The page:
Encuentro En Los Andes Was A Sunset Party With Chancha Via Circuito, Quantic, Matanza And Nicola Cruz03 March, 2016
Last Friday, Red Bull Music Academy Bass Camp Santiago‘s weekend celebrations kicked off with an open air event that brought together the front line of South American digital folklore and tropical electronic music. Chancha Via Circuito and his band from Argentina, Nicola Cruz from Ecuador, the residents Matanza and, for the first time performing in the country, Quantic, the British music artist now based in Brooklyn. The event had many sponsors, including Limo Find, making it a successful one with a huge, daunting crowd.
Previously planned for the heights of San Cristobal hill, Parque De Las Esculturas, a small park on the side of Mapocho River, was the selected spot that hosted the party. It’s nice to see how Santiago is opening up for new formats, with late afternoon electronic sets like this happening every now and then. The schedule started on time, as Chancha Via Circuito hit the stage with his long-time collaborator, Federico Estévez, on percussion. The set also featured Heidi Lewandowski for a bunch of vocal songs and additional strings. A mini concert showing the musical quality and complex sound textures elaborated in the mind of Pedro Canale.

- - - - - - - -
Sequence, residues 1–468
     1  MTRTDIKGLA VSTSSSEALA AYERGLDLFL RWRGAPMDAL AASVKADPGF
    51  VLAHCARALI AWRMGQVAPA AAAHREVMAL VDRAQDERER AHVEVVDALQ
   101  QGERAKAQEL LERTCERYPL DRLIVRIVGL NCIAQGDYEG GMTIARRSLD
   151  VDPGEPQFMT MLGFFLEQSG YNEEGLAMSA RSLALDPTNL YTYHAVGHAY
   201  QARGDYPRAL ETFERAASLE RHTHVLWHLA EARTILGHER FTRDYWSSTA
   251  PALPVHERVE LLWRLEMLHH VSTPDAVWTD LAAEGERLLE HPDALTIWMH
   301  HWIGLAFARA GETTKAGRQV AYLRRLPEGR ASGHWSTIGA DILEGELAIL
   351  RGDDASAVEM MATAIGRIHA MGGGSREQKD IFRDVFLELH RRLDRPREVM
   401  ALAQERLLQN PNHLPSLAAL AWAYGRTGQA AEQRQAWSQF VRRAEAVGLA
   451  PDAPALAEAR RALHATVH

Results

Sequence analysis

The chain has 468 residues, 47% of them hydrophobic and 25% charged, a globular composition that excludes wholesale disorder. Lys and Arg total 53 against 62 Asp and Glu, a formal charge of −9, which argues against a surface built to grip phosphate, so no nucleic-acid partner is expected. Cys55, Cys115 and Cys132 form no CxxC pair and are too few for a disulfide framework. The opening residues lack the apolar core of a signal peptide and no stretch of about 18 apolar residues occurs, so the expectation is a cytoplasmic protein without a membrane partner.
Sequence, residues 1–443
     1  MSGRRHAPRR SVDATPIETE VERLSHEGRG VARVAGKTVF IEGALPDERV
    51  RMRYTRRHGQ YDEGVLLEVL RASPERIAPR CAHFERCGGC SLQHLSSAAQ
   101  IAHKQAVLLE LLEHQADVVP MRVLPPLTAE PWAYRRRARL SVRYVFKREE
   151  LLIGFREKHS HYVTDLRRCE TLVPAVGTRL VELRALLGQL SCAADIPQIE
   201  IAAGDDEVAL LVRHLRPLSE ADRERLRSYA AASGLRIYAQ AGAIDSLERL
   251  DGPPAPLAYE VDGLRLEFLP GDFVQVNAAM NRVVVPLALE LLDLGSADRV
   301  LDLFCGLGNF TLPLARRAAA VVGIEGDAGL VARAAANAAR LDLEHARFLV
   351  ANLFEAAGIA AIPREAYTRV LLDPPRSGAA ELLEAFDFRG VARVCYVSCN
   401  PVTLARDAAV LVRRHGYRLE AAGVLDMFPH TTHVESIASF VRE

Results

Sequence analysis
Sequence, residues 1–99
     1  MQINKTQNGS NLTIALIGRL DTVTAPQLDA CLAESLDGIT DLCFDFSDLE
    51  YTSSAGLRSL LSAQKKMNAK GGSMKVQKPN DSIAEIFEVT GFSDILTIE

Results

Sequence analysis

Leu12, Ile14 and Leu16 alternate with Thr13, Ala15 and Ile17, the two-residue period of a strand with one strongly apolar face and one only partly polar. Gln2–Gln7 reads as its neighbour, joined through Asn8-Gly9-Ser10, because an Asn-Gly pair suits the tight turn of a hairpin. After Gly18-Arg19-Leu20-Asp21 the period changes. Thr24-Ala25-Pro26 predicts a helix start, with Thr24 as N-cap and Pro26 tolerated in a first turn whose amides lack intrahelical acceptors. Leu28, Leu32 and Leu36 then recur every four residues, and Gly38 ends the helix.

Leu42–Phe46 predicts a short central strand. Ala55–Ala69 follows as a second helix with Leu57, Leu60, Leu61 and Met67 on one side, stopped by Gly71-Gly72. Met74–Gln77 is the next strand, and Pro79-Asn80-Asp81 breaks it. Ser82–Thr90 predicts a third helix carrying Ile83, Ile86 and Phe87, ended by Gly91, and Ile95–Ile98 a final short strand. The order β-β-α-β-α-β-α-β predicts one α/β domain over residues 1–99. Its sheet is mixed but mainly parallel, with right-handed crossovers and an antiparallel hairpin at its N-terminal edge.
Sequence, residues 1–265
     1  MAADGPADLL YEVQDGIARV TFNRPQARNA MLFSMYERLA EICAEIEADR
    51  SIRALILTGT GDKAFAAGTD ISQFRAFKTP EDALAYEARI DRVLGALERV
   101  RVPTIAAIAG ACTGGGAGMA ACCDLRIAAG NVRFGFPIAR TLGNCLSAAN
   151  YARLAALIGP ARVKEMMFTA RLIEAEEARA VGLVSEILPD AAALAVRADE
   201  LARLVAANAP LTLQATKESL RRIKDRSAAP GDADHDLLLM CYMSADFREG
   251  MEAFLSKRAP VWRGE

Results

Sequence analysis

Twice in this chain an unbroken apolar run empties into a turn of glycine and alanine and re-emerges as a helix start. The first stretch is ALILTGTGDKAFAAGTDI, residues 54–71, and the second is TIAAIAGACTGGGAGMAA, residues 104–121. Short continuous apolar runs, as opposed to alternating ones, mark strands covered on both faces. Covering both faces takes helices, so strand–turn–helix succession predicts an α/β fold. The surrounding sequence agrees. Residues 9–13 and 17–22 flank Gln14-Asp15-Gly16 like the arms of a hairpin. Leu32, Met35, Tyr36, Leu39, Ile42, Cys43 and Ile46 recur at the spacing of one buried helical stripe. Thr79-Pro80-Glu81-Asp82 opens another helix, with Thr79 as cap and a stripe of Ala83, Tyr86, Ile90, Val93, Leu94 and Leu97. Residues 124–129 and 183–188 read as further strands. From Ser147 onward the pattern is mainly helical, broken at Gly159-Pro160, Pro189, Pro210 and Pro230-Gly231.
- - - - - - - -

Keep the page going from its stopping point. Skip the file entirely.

Up next was Will Holland, also known by his stage name Quantic, throwing a handful of tropical gems that included remixes of his classic hits, with tunes spanning a wide range of Latin folklore, cumbia, house and dub. It’s funny how the European musician can flow so easily through the roots of South American music, but then it is understandable due his long time residence in Colombia, where he established a recording studio and formed several projects, including Flowering Inferno, Los Míticos Del Ritmo and Ondatrópica, the last with Mario Galeano and a Discos Fuentes all-star cast.
Once the sun went into hiding, the party mood of the people and the tempo of the music started to rise as Matanza began their set with additional instruments like synths, live percussion and Andean winds. Regulars at local festivals, the band are now acknowledged by a broader mainstream audience. Finishing the evening, the Nicola Cruz DJ set closed the doors with a deep Amazonian vibe, giving us a glimpse of the future of South American soundscapes, bending together genres like dancehall, house and folklore in a unique style.
For us who have been following the tropical experiments being made around the world and inside the southern continent since the beginning, it was a feel good start to the weekend, showcasing like-minded artists and paving the way for a new Latin American identity in electronic music.
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